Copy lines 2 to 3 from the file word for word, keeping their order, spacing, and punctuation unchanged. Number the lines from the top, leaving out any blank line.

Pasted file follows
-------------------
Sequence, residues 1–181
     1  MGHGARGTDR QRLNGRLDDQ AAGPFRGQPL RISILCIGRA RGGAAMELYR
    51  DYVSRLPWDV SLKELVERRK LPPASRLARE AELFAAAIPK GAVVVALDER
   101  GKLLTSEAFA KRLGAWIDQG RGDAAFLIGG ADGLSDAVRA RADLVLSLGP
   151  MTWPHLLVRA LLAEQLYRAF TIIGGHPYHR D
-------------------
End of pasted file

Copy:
     1  MGHGARGTDR QRLNGRLDDQ AAGPFRGQPL RISILCIGRA RGGAAMELYR
    51  DYVSRLPWDV SLKELVERRK LPPASRLARE AELFAAAIPK GAVVVALDER